A breathing system used by amphibians in which air is forced into the lungs.
negative pressure breathing
A breathing system in which air is pulled into the lungs when the lung volume is expanded.
An excretory system, such as the flame bulb system of flatworms, consisting of a network of tubules lacking internal openings.
In flatworms, specialized cells that remove excess water from the body.
In annelid worms, a type of excretory tubule with internal openings that collect body fluids and external openings that excrete waste from the body.
Organ in vertebrates that removes urea, excess water, and other waste products from the blood and passes them to the ureter.
The functional unit of the kidney.
Combination of evaporation and transpiration.
The increasing concentration of a harmful substance in organisms at higher trophic levels in a food chain.
An insecticide that is also toxic to animals and humans.
Native to a certain area.
Species introduced to new areas that often disrupt the indigenous communities.
Slang for hydraulic fracturing- a process that removes natural gas from shale.
Breakup of a habitat into smaller pieces, usually as a result of human activities.
A phagocytic cell present in many tissues that functions in both specific and nonspecific immunity.
Immune cells that circulate within the hemolymph of insects and ingest foreign substances by phagocytosis.
In insects, combined blood and lymph.
pattern-recognition receptors (PRRs)
Proteins expressed by cells of the innate immune system that evolved before adaptive immunity.
Molecules associated with groups of pathogens that are recognized by cells of the innate immune system.
systemic acquired resistance (SAR)
A "whole-plant" resistance response that occurs following an earlier localized exposure to a pathogen.
The point during development at which a cell becomes committed to a particular fate due to cytoplasmic effects or to induction by neighboring cells.
The process by which a cell becomes specialized for a specific structure or function.
Diploid cell resulting from the union of a haploid egg and a haploid sperm.
All cells in an organism contain the same complement of genes. These are the same set of genes that are established in the fertilized egg.
Cells that are able to develop into any type of cell found in the body.
Able to give rise to multiple, but not all, cell types.
Making a genetically identical copy of DNA or of an organism.
A technique in which the nucleus of one cell is placed into another cell that already has a nucleus or in which the nucleus has been previously destroyed.
Using a somatic cell from a multicellular organism to make one or more genetically identical individuals.
Unspecialized cell that can both reproduce itself indefinitely and differentiate into specialized cells of one or more types.
The process by which an organism takes shape and the differentiated cells occupy their appropriate locations.
Maternal substances in egg that influence the course of early development.
The process by which neighboring cells can influence the determination of a cell.
Collection of proteins that mediate the binding of RNA polymerase and the initiation of transcription.
Genes that determine basic features of where a body part is.
Class of homeotic genes. Changes in these genes can have a profound impact on morphology.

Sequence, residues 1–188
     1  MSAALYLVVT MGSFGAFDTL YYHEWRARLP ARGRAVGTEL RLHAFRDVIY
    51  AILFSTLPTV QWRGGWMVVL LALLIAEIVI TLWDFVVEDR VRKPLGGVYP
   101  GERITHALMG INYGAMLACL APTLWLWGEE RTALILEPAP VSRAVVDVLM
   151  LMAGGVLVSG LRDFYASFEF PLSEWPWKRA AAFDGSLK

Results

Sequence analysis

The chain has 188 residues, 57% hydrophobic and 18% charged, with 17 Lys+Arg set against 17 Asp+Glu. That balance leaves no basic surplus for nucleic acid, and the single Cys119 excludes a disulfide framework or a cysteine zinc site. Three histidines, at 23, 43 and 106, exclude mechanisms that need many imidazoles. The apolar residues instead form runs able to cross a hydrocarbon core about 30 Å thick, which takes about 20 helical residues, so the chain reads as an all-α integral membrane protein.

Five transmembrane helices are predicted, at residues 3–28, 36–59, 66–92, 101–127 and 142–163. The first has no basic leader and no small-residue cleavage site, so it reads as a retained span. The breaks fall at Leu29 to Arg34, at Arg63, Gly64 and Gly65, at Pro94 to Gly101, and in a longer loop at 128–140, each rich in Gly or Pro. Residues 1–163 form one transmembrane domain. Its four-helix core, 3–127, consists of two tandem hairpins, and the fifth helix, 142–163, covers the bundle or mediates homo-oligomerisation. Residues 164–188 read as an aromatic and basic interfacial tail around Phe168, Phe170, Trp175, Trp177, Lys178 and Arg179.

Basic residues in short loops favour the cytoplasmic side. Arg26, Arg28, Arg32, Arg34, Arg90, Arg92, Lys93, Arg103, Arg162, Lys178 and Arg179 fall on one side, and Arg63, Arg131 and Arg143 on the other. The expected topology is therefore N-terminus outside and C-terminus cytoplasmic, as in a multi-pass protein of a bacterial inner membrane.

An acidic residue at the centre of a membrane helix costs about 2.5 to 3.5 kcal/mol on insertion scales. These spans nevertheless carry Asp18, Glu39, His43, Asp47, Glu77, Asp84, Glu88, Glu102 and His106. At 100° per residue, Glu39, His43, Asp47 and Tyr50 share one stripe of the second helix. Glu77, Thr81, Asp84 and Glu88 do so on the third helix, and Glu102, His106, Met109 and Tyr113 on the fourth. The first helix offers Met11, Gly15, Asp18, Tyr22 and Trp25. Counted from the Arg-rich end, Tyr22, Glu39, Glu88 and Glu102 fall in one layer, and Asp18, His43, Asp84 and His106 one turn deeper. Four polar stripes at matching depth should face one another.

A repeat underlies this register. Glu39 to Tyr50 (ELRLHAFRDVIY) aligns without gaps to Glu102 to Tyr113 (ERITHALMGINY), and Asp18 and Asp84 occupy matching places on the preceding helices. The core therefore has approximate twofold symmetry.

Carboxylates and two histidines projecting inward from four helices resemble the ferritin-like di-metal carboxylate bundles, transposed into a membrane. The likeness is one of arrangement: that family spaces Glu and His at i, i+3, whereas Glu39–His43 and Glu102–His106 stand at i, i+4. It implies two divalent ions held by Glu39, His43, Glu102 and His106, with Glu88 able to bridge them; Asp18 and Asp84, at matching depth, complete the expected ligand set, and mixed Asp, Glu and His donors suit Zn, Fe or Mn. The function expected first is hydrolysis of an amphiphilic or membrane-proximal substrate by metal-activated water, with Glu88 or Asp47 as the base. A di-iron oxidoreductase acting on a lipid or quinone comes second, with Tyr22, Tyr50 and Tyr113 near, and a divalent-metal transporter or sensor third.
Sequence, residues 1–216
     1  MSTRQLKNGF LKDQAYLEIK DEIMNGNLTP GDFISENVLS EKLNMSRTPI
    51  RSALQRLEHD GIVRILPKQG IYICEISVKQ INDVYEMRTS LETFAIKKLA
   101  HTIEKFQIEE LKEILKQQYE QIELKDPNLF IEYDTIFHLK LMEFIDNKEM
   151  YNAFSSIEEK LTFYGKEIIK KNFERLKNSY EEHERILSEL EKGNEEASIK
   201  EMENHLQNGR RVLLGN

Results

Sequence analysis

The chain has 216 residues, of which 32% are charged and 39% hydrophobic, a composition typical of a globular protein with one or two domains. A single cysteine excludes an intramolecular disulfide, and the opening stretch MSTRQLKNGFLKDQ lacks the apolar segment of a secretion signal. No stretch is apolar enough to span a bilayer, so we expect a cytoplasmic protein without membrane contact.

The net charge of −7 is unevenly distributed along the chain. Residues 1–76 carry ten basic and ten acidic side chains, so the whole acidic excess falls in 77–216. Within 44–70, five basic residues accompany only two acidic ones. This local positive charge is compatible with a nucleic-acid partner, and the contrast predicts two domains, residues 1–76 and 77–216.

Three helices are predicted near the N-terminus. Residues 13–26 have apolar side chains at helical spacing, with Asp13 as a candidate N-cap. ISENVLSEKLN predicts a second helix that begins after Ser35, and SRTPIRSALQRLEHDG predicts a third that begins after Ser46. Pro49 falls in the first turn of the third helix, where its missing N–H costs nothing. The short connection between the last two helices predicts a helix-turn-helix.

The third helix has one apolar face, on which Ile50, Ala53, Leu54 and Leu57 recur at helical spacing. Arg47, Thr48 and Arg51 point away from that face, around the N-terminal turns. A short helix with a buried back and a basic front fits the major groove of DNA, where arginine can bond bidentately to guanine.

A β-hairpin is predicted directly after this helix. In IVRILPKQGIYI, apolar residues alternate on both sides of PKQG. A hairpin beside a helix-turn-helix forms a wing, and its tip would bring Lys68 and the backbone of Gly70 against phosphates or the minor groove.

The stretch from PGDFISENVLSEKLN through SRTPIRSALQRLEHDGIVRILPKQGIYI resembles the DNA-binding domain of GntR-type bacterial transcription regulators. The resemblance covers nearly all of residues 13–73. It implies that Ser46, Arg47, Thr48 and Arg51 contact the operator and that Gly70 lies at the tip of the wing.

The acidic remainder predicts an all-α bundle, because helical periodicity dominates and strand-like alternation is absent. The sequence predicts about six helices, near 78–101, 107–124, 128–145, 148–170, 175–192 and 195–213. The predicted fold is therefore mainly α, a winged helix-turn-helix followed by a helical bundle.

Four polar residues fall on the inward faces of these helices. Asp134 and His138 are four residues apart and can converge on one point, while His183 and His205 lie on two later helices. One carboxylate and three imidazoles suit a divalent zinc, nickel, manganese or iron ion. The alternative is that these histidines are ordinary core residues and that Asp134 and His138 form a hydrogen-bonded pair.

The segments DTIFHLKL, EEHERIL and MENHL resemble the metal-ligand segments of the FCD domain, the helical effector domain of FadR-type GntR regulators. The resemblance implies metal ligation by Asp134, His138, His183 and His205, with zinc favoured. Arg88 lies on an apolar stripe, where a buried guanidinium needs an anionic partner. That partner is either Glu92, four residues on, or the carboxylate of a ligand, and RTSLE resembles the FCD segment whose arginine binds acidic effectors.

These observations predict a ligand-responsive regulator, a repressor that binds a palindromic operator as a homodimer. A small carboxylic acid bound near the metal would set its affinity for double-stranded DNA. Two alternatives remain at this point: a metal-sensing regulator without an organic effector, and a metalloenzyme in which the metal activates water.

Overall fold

The development of a spatial organization of tissues and organs.
Small, non-coding RNA molecules that function in regulation of gene expression by binding to and destabilizing target mRNAs.
Programmed cell death.
Growth of a plant shoot toward or away from light.
A plant's response to seasonal changes in length of night and day.
The 24-hour biological cycles found in humans and many other species.
The ability of bacteria to sense the presence of other bacteria via secreted chemical signals.
A behavior that is developmentally fixed.
Summer torpor. Enables animals to survive long periods of high temperatures and scarce water supplies.
Differentiation of niches that enables similar species to coexist.
Symbiotic association between a fungus and a photosynthetic partner, usually green algae or cyanobacteria.
A symbiotic association between a fungus and the roots of a plant.
The process in reproduction and growth by which a cell divides to form daughter cells.
The ordering of genes in a haploid set of chromosomes of a particular organism.
A form of asexual reproduction in single-celled organisms by which one cell divides into two cells of the same size.
Any of the cells of a plant or animal except the reproductive cells.
Threadlike structures made of DNA molecules that contain the genes.
The readily stainable substance of a cell nucleus consisting of DNA and RNA and various proteins.
Identical copies of a chromosome; full sets of these are created during the S subphase of interphase.
The region of the chromosome that holds the two sister chromatids together during mitosis.
In animal cells, a cytoplasmic organelle that organizes the mitotic spindle fibers during cell reproductions.
Series of events that cells go through as they grow and divide.
Cell division in which the nucleus divides into nuclei containing the same number of chromosomes.
Mitosis and cytokinesis.
The cell cycle is directed by these internal controls.
Replication of DNA during S-phase of interphase.
Alignment of chromosomes prior to separation.
Separation of chromosomes.
Division of the cytoplasm to form two separate daughter cells.
Period of the cell cycle between cell divisions.